The most important business books are written in response to an especially important question and this book is no exception: “How to make strategy work?” Hrebiniak focuses his attention on the processes, decisions, and actions which are needed to execute an appropriate strategy effectively. It soon becomes obvious that Hrebiniak is a pragmatist. His observations and recommendations are based on an abundance of real-world data. Both he and his content are results-oriented. He is determined to help his reader to see the Big Picture but also to be ever-alert for significant details. A realist, Hrebiniak fully understands that strategy execution initiatives inevitably encounter all manner of barriers, challenges, etc. and so he correctly stresses the importance of managing change as a complicated, sometimes volatile process. Hrebiniak addresses many of the same issues which Bossidy and Charan do in Execution: The Discipline of Results. However, I think he explores them in much greater depth. Most important of all, at least to me, is the fact Hrebiniak’s book is mercifully free of esoteric theories and obese hypotheses. He devotes most of his attention to explaining what needs to be done, why it needs to be done, and how to do it effectively.
The material is carefully organized within ten chapters whose subjects range from “Strategy Execution Is the Key” to “Summary and Application: Making Mergers and Acquisitions Work,” followed by an Appendix in which Hrebiniak provides a strategy execution survey conducted by The Wharton School of Pennsylvania and GartnerG2 in 2003. There are references to survey results throughout the book. For example, responses to a section on “Obstacles to Strategy Execution” (Table 1.1 on page 17). I also appreciate various reader-friendly devices which Hrebiniak employs such as graphic illustrations (e.g. Figure 8.1 on page 267 which depicts a model of culture and culture change) and checklists as well as a Summary of key points at the end of each chapter.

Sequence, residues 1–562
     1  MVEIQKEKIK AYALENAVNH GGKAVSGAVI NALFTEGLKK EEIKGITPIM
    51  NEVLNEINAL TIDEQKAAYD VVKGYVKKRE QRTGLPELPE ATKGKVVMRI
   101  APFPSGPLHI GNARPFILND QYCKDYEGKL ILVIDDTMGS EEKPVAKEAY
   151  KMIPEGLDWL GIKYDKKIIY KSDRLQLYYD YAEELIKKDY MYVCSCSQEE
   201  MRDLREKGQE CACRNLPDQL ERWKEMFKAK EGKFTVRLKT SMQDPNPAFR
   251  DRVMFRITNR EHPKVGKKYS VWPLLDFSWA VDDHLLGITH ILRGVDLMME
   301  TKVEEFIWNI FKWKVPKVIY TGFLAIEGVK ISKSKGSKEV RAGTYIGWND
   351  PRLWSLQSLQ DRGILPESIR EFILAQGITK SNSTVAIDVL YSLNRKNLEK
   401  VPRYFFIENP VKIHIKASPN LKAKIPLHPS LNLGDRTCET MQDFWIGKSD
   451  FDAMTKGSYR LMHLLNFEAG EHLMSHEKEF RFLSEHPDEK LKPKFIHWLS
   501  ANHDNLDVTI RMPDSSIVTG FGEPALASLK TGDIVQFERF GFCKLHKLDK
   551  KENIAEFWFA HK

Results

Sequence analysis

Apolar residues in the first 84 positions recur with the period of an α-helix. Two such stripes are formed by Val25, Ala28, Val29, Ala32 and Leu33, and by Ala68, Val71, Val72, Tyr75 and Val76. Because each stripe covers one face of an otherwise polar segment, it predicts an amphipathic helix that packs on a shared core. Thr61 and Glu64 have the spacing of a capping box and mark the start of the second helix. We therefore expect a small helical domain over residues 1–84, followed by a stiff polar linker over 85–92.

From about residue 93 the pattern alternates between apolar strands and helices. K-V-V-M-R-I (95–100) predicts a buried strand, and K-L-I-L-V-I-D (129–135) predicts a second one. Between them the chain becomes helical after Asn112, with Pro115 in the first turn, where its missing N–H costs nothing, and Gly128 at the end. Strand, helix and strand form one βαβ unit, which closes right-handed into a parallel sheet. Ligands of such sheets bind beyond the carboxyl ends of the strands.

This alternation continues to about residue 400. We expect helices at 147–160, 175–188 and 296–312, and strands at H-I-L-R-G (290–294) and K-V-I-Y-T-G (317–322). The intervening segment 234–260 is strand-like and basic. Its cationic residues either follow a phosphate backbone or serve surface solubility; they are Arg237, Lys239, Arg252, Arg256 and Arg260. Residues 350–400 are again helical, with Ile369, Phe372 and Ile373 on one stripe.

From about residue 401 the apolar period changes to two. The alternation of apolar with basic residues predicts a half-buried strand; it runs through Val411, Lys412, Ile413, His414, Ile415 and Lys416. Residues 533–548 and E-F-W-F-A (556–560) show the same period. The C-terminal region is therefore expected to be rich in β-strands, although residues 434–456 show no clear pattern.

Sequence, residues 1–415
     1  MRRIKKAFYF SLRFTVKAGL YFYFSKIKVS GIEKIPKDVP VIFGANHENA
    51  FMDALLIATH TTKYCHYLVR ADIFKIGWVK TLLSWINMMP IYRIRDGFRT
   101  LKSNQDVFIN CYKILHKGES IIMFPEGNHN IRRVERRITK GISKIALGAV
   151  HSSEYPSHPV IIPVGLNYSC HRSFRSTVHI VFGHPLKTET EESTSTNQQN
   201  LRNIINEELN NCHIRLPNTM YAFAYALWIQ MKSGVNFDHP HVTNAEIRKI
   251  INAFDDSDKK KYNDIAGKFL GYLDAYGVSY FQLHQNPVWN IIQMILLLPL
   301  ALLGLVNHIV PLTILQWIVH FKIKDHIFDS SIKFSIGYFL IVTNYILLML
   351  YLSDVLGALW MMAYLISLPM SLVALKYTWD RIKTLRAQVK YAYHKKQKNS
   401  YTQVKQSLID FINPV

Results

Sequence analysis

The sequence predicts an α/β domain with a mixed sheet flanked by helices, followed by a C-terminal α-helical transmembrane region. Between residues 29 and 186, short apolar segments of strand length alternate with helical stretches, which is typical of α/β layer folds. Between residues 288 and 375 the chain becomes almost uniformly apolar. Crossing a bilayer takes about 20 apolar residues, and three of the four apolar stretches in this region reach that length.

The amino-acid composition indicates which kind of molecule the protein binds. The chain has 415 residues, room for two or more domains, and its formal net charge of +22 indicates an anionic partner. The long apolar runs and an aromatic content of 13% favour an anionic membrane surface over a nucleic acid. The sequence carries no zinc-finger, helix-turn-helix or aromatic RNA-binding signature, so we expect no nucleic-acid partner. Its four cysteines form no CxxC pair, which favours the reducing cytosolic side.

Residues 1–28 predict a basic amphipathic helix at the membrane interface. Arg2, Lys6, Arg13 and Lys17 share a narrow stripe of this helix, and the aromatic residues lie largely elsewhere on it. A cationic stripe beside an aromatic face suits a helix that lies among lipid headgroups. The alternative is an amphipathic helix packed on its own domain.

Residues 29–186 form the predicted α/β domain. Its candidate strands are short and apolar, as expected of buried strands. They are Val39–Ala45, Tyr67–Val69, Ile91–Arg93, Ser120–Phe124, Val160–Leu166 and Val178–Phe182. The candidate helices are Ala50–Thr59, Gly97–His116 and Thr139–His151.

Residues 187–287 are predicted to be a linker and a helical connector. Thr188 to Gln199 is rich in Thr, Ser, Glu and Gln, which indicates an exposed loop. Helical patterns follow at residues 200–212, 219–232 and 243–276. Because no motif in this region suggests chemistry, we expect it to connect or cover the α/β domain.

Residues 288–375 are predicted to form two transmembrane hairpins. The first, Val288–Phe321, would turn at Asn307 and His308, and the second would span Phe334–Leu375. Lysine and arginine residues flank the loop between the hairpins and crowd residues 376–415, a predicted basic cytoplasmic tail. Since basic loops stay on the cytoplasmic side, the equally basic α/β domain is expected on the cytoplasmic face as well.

Here are three brief excerpts from Hrebiniak’s narrative:
“The operational aspects of strategic and short-term objectives means that these objectives are measurable. They are useful for strategy execution if they measure important results. Strategy m,ust be translated into metrics that are consistent with strategy and measurable. Only then can the results of execution be adequately assessed. Without these useful metrics, successful evaluation of execution results is not possible.” (Page 88)
“In essence, [GE’s] ‘Work Out’ was run as an example of decision-making characterized by reciprocal interdependence. The methods of achieving integration or coordination were consistent with this form of interdependence and no doubt contributed to its success. In addition to Welch’s philosophy and GE culture, the processes and methods of defining interdependence and coordination needs were important to ‘Work Out’’s contributions to problem definition and to making strategy work.” (page 157)
“To change culture, don’t focus directly on culture itself or the underlying defining aspects of culture: values, norms, and ‘credos.’ Don’t try to change attitudes, hoping for a change in behavior. Focus instead on behavior....The logic here is twofold:. First, it is virtually impossible to appeal to people top change their beliefs, values, or attitudes....Second, it is important to recall that culture both affects behavior and performance [begin italics] and [end italics] is affected and reinforced by behavior and performance....How does one change behavior and, ultimately, culture? The answer is by changing people, incentives, controls, and organizational structure, as Figure 8.1., suggests.” (page 272)
Credit Hrebiniak with writing an immensely thoughtful as well as practical book in which he explains with meticulous care how to formulate an appropriate strategy, then executive it effectively despite resistance which can sometimes be formidable, and thereby produce results which may otherwise be unachievable.
Decision-makers in larger organizations may derive greater value from Hrebiniak’s book because they have a wider and deeper range of possible applications of the processes, decisions, and actions he recommends. However, as I read this book, I realized that inappropriate strategies and/or poor execution of strategies may help to explain statistics which Michael Gerber cites in his E-Myth Mastery: "Of the 1 million U.S. small businesses started this year , more than 80% of them will be out of business within 5 years and 96% will have closed their doors before their 10th birthday."
These are indeed chilling statistics. Therefore, I highly recommend Hrebiniak’s book to all decision-makers in all organizations, regardless of size or nature. Also to all students who are currently preparing themselves for a career in business.